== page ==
After this rather brief engagement with French Marxism, Lauer began his study of the thought of Georg Wilhelm Friedrich Hegel, for which he devoted the rest of his career. He wrote four books and dozens of papers on Hegel, including Hegel's Idea of Philosophy(1976), Studies in Hegelian Dialectic(1977), and Hegel's Concept of God(1982). [6]

Lauer also initiated and became General Editor in the SUNY series of Hegelian studies, which published works by international Hegel scholars, including William Desmond and H. S. Harris. As General Editor of the SUNY series, Lauer helped encourage other publishing houses in America to publish works on Hegel at a time when many were not willing to. Lauer was elected President of the American Philosophical Association, Eastern Division in 1985. Lauer was elected as a "pluralist" candidate and partially as response to hegemony of analytic philosophy in America. At this time some members of the APA began to formerly protest the monolithic hold that analytic philosophers had in the APA and in most American philosophy departments. Lauer's presidential address was titled, "Why Be Good?" [9] [6]

After a couple years of illness, Quentin Lauer died on March 9, 1997.

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  1. 1 2 3 4 5 Hull, Richard T. (2013). "Biography: Joseph Quentin Lauer". American Philosophical Association Centennial Series: 373–374. doi:10.5840/apapa2013155.{{cite journal}}: Cite journal requires |journal= (help)
  2. "APA Divisional Presidents and Addresses - The American Philosophical Association". Apaonline.org. Retrieved 2017-03-23.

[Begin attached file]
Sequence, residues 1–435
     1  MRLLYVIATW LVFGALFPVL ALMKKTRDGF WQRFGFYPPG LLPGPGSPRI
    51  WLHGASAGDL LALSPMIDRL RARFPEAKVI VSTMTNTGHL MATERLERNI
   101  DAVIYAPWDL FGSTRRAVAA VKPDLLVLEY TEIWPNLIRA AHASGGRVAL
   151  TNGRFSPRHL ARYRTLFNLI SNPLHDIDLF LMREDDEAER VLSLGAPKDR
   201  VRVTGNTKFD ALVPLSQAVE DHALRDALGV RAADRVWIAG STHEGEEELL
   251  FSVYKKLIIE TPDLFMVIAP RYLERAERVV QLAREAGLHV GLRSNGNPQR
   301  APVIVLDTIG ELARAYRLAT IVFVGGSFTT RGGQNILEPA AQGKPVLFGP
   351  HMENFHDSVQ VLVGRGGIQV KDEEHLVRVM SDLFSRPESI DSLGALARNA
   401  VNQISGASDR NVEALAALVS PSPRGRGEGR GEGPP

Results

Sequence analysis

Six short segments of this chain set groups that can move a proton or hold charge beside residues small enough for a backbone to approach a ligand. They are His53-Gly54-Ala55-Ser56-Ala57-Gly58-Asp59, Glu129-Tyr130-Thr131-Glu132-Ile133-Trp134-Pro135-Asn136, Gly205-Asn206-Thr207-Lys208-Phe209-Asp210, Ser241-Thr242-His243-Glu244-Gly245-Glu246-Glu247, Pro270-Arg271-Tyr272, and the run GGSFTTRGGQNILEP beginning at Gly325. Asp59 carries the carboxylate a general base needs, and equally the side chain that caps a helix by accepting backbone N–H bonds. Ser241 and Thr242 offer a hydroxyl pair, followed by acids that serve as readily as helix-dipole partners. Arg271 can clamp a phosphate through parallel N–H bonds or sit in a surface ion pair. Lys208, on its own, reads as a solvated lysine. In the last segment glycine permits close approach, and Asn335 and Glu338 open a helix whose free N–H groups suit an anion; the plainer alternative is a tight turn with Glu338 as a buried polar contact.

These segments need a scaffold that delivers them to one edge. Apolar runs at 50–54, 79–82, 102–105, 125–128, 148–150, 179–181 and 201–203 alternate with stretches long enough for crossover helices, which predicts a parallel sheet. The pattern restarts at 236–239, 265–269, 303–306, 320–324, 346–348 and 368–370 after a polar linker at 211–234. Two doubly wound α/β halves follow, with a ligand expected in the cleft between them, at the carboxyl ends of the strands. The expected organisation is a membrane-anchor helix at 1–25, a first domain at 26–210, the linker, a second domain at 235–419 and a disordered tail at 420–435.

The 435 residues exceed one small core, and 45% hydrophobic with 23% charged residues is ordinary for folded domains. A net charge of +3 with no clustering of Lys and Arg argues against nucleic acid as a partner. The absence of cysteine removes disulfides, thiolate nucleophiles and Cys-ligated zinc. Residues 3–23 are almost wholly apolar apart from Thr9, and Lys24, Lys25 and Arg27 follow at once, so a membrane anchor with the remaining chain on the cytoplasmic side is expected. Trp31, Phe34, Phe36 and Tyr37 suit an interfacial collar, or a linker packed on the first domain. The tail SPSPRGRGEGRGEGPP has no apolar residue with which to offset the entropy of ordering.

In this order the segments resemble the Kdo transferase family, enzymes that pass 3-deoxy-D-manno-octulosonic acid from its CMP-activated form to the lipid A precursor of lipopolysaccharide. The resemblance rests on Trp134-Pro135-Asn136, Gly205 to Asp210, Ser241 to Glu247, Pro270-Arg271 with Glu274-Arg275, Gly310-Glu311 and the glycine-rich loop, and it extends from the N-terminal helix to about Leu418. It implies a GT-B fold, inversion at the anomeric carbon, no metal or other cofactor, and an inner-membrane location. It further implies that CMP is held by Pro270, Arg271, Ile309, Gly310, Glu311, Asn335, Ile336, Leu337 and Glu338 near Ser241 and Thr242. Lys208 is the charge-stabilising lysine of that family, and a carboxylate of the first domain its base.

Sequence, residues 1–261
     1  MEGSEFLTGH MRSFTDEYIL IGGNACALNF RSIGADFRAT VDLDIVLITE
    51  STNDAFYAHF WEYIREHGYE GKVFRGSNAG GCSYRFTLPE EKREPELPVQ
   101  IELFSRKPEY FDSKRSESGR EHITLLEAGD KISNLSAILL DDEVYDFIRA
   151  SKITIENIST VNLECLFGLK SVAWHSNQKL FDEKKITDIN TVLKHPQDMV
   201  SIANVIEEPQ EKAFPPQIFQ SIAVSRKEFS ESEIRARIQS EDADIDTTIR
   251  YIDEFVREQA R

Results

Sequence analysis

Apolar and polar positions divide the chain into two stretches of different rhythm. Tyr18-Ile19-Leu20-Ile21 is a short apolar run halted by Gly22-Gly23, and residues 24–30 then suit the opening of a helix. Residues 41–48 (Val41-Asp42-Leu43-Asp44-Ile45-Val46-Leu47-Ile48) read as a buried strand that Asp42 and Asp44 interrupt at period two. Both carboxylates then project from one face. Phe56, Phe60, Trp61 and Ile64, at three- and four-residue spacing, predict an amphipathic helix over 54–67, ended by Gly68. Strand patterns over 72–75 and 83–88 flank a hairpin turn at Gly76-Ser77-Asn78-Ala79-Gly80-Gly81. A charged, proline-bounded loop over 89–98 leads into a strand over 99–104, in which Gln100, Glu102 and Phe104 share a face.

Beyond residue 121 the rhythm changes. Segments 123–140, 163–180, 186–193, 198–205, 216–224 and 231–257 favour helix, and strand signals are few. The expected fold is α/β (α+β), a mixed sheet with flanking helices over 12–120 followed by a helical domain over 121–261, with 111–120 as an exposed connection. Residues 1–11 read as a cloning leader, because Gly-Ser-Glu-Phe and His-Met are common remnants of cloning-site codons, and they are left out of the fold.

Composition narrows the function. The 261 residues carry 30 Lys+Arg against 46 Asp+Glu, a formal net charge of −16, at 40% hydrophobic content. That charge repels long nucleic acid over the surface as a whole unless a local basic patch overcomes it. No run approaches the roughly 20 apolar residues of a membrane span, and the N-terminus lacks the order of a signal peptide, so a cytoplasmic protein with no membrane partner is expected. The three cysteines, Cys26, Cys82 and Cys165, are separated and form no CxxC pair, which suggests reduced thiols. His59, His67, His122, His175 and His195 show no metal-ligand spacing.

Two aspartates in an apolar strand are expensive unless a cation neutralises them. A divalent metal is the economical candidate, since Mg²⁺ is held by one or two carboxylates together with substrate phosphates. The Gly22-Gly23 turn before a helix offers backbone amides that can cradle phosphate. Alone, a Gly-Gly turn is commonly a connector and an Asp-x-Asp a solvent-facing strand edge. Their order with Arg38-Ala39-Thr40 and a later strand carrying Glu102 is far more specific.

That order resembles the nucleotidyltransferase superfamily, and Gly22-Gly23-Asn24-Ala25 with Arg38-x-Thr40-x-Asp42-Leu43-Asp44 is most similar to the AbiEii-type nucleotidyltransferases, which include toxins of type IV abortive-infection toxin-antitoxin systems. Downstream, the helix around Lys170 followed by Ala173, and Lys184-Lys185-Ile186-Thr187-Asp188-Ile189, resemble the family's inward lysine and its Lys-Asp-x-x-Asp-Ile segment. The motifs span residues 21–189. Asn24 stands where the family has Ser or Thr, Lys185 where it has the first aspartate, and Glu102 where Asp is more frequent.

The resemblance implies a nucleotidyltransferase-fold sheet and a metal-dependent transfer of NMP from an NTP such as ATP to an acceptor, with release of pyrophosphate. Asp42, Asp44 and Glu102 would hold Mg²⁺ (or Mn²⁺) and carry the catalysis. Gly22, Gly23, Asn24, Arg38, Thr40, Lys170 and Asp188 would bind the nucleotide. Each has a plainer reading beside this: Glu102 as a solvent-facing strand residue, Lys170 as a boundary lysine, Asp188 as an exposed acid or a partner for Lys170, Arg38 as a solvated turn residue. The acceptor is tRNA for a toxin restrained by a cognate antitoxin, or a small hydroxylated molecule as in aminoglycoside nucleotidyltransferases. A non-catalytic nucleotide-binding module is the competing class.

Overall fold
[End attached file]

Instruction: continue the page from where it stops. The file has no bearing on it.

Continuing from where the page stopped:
3. Office Of The Sesquicentennial, Fordham University (1991). As I Remember Fordham: Selections from the Sesquicentennial Oral History Project - Fordham University. Office of the Sesquicentennial. p. 109. ISBN   9780823213382.
  4. 1 2 3 Balestra, Dominic J. (20 July 1998). "J. Quentin Lauer, S.J. 1917-1997". Proceedings and Addresses of the American Philosophical Association. 71 (5): 150–151. JSTOR   3130979.
  5. Lauer, Quentin. The Triumph of Subjectivity:An Introduction to Transcendental Phenomenology. New York: Fordham University Press, 1958.
  6. 1 2 3 4 Collins, Ardis B. (1997). "In Memory of Quentin Lauer, S.J". Owl of Minerva. 28 (2): 217–221. doi:10.5840/owl19972821.
  7. Gurwitsch, Aron. "Foreword". Lauer, Quentin. The Triumph of Subjectivity: An Introduction to Transcendental Phenomenology. New York: Fordham University Press, 1958.(page viii)
  8. Dupré, Louis (2016). "Book Review: A Christian-Communist Dialogue". Theological Studies. 31 (1): 215–218. doi:10.1177/004056397003100129. S2CID   170547951.
  9. Lask, Thomas (30 December 1979). "Philosophical Group's Dominant View is Criticized". The New York Times.